Japanese Ryokan Meals, page 1
I was not prepared for the quantity of food served at the ryokans. Traditional Japanese meals include a vast variety of fishes, seaweed, pickled vegetables, tofu, and rice. I had known to expect fish and rice for breakfast, and fortunately all four of us really like Japanese food. When the girls were very little, we discovered that the local sushi bar was loud, drowning out their little kid antics and making it a popular night out for our family. While staying at the ryokans, however, I had not expected to feast at every meal, particularly dinners. There is something about the little dishes and multiple courses that make it seem like a lighter meal. We have often fallen into this trap at home, either with sushi or dim sum; “grazing” until we’ve seriously overeaten.
On this trip, we stayed first in a small Japanese Inn called the Sea Cliff in the little harbor town of Habu on the South end of Izu Oshima Island. It was somewhat westernized, and somewhat not; it had an onsen, and was, as a hotel, adequate yet unremarkable. The food on the other hand, was remarkable. Outstanding, really. The hotel sat on the road directly above the little fishing port of the town. The owner spoke a bit of English, so even without my brother/interpreter with us we would have been able to get by.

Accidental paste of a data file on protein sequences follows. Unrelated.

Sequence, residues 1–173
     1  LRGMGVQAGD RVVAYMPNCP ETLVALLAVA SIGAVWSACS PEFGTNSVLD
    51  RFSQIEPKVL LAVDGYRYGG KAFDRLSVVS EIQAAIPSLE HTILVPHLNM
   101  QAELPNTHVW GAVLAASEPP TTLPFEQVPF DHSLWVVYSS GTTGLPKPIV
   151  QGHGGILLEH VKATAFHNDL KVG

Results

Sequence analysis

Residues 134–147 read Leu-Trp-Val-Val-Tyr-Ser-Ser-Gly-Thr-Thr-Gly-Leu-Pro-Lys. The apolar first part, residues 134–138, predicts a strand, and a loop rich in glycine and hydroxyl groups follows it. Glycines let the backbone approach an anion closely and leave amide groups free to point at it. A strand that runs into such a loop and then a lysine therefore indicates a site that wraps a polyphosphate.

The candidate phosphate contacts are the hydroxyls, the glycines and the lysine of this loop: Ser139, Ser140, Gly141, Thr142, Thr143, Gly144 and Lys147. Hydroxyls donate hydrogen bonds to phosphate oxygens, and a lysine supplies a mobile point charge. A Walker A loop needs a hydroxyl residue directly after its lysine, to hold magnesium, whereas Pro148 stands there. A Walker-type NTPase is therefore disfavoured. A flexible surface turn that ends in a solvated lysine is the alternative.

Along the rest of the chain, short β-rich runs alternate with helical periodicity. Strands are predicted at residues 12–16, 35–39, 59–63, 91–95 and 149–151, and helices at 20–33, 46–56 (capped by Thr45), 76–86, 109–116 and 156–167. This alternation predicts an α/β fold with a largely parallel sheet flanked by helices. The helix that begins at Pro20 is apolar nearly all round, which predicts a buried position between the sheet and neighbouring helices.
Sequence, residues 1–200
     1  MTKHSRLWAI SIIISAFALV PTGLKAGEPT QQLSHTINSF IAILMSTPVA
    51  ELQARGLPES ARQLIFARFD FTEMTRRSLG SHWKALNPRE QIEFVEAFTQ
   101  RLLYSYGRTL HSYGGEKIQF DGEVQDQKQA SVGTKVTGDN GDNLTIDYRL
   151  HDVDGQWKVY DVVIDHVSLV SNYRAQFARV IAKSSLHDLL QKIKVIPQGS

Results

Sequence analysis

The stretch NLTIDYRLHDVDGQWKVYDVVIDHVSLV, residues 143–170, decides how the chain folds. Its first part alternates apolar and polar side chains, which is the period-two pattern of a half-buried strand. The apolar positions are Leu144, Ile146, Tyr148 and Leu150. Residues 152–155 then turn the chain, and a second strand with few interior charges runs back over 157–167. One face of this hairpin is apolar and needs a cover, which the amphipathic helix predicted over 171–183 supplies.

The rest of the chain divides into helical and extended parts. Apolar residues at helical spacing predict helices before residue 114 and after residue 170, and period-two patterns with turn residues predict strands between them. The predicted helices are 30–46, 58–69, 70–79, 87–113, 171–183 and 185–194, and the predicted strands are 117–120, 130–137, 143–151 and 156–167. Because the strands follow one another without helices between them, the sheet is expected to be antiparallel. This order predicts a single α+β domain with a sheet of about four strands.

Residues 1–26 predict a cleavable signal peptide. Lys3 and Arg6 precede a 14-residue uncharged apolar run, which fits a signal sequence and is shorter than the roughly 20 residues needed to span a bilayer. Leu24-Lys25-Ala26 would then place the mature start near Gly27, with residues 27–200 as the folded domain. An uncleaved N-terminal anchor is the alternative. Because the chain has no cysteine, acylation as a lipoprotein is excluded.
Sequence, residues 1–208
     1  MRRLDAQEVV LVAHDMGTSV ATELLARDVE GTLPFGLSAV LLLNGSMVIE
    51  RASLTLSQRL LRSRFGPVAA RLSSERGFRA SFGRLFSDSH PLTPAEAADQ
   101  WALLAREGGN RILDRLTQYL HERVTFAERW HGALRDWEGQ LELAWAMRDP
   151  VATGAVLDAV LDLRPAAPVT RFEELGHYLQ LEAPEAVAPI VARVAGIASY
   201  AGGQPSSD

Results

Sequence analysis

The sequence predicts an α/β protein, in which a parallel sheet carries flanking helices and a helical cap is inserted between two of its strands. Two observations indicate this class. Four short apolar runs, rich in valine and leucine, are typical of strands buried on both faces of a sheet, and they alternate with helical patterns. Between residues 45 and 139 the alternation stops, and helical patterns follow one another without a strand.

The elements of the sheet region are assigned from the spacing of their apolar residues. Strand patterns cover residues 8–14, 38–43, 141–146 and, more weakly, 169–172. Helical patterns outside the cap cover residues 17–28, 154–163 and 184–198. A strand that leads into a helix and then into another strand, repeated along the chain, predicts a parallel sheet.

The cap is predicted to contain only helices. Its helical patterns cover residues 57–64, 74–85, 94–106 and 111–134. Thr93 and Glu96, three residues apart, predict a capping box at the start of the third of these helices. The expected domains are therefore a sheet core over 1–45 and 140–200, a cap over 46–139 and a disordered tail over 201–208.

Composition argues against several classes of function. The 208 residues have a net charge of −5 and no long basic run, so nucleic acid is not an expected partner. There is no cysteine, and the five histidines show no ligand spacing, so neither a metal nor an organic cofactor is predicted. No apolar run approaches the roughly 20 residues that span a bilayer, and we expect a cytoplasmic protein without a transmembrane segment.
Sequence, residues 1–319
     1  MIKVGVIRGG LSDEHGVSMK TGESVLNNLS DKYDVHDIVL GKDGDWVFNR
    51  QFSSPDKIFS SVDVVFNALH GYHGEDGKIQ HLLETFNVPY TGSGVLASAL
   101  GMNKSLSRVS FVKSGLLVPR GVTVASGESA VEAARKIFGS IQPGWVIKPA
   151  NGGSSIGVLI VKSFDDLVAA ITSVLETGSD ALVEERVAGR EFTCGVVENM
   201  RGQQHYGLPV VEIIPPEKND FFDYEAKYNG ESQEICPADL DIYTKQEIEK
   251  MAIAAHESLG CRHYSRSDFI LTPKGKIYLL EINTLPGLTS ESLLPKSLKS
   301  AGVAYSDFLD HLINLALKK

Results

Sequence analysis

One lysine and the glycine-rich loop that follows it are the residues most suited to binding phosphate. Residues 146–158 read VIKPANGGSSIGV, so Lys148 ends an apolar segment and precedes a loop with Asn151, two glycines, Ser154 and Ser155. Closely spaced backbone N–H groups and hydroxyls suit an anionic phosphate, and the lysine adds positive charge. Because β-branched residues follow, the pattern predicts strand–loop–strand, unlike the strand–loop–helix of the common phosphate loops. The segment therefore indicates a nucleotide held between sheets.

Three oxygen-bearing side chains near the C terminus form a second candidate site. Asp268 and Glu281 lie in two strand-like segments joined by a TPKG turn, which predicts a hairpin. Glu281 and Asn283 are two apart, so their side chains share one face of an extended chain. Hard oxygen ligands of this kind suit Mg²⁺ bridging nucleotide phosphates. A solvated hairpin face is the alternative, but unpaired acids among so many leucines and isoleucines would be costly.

Rates at Japanese Inns are per person, and include both breakfast and dinner. Here in Habu, these meals were largely procured from the docks as the fishing boats came in. The hotel owner would buy what was fresh off the boat that day, and prepare a feast, which would be served a couple of tiny dishes at a time. One of our mornings there, we saw a woman collecting seaweed on the rocks just out of town, and joked that she was collecting our dinner. Only, it might have been true.
The most memorable food we tried on this trip was natto. It is fermented soy beans, and the owner of the Sea Cliff had known a group of gaijin high school students who liked the stuff. I am glad to have tried it, an experience I will probably not forget. I actually liked the flavor. I did not like the fact that it stayed in my mouth for the rest of the day. Natto is sort of like small beans in snot. We mixed in some rice to cut the stickiness, but it still made long strings connecting our chopsticks to the plate with every bite, sort of like dozens of miniature strands of hot mozzarella cheese on a pizza. It coats the inside of your mouth with a film that is not washed away with tea or other foods. The only remedy is to brush the entire inside of your mouth with a toothbrush. Unfortunately, we did not realize this while we were still at the hotel where our toothbrushes were, and had to wait until returned at the end of the day.
Image galleries of Japan:
Izu Oshima Island
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